- My moonshot for the Ocean Decade By now you’ve probably heard that the United Nations (UN) has proclaimed a Decade of Ocean Science for Sustainable Development which will take place from 2021 to 2030. More broadly, this is one of the actions put in place by the UN to achieve The Sustainable Development Goals, and more specifically Goal 14 to Conserve and sustainably use the oceans, seas and marine resources.
- On the inappropriate use of variance-preserving spectra I have been surprised by the continuing use of variance-preserving spectra in the oceanographic literature as a tool to diagnose periodicities in time series (this does not seem to happen in the purely climate literature … we, oceanographers, are often a bit behind). Since I don’t think I know much, I often seek out the help of a couple of statistician friends that deal with time series (like all the time). I have casually asked them: “Why do you think people use variance-preserving spectra?”. Their answer was revealing: they did not even know what a variance-preserving spectrum was! Once I explained to them (see below), they were even more confused. They also wondered what was wrong with us (oceanographers). On a more serious note, what concerns me is that we collectively spend millions of tax-payer dollars to obtain amazing time series of oceanographic variables (such as oceanic volume transport), and sometimes analyze them with the wrong tools, unfortunately. We need to collectively do better.
- Lectures on Methods of Data Analysis I just spent 3 very intense but delightful weeks in Cape Town, the mother city of South Africa. Aside from attending the IAPSO-IAMAS-IAGA 2017 meeting which was a lot of fun, I visited for two weeks the Department of Oceanography at the University of Cape Town in order to deliver a series of lectures on methods of data analysis in oceanic and atmospheric sciences. I am very grateful to the Head of Department Prof. Isabelle Ansorge and Dr. Juliet Hermes from the South African Environmental Observation Network for making my visit possible.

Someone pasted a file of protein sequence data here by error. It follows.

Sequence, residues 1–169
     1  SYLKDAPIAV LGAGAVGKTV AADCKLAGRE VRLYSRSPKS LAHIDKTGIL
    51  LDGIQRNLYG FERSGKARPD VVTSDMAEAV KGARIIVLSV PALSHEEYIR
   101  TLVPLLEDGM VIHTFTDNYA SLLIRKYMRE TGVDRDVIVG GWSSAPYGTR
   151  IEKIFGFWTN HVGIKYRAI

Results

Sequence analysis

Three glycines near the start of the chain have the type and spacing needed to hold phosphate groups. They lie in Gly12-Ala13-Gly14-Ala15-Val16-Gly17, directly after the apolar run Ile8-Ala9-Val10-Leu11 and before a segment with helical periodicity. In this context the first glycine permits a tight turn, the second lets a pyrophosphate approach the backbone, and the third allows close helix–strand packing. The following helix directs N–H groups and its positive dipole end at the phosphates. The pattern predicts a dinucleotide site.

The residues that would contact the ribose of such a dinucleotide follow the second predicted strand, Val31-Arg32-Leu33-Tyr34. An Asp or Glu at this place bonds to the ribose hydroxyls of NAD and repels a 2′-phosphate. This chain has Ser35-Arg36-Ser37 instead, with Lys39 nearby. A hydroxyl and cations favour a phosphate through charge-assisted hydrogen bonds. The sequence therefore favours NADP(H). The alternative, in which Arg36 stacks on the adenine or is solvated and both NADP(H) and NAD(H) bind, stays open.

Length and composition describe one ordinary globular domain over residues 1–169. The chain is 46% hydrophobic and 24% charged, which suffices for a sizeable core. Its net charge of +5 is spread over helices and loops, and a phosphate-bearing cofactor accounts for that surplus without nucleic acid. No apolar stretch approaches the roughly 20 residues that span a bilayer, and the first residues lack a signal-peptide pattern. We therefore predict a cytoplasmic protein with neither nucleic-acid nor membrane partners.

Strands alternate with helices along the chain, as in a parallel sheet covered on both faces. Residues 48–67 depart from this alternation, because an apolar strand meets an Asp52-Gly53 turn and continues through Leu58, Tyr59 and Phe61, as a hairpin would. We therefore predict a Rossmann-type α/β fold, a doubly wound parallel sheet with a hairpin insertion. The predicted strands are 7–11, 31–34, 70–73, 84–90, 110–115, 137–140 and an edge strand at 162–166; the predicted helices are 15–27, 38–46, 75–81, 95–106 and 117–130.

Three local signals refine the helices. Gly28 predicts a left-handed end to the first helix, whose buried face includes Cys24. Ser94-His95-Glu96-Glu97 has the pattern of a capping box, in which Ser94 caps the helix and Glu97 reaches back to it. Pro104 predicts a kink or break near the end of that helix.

- Hourly drifter product version 1.01 released We are pleased to announce the release of version 1.01 of the hourly drifter product. Now available to download from the Global drifter program DAC website. The methods of interpolation implemented to generate this product are the same as for version 1.00 of the dataset released in mid-2016, see Elipot et al. 2016, doi:10.1002/2016JC011716. See the release notes.
- Colors of the
Wind Ocean You can own the earth and still
- Things reviewers say I found somehow reassuring to read in a blog post of EOS that the Editor in Chief of Geophysical Research Letters, no less, recently had a manuscript rejected for publication. He wrote that “this rejection was particularly deflating, both because I had invested two years in the science, and because two of the three reviewers dismissed the very conception of the analysis.” I see this as being told that your paper sucks because your analysis sucks in the first place. Ouch. We’ve all had at least one terrible story about a particular set of reviews. It turns out that last week was Peer Review Week! Who knew?
- On the new standard of sharing your code Scientists in general, and oceanographers in particular, have been used for many years to sharing “their” data. A few whine about how difficult it is to obtain funding and acquire the data, and as such should keep their exclusivity. They can for a few years, but in the end it is not really their data anyway, since they most likely originate from projects funded by tax payers, through governmental funding agencies.
- Launch of new personal site on GitHub I finally got around to put my new professional website together! It is powered by Jekyll and currently hosted, for free, on GitHub. I browsed many resources to approximately understand how this works, and learned to use git at a basic level with the online tutorial tryGit. I followed the simple tutorial by Jonathan Mcglone, but then opted for the free Jekyll theme So Simple. In the process, I downloaded a free text editor called Atom which I find very neat, at least on Mac OS X. You can easily download a package for Atom that will allow you to use Emacs keybindings, which I am used to.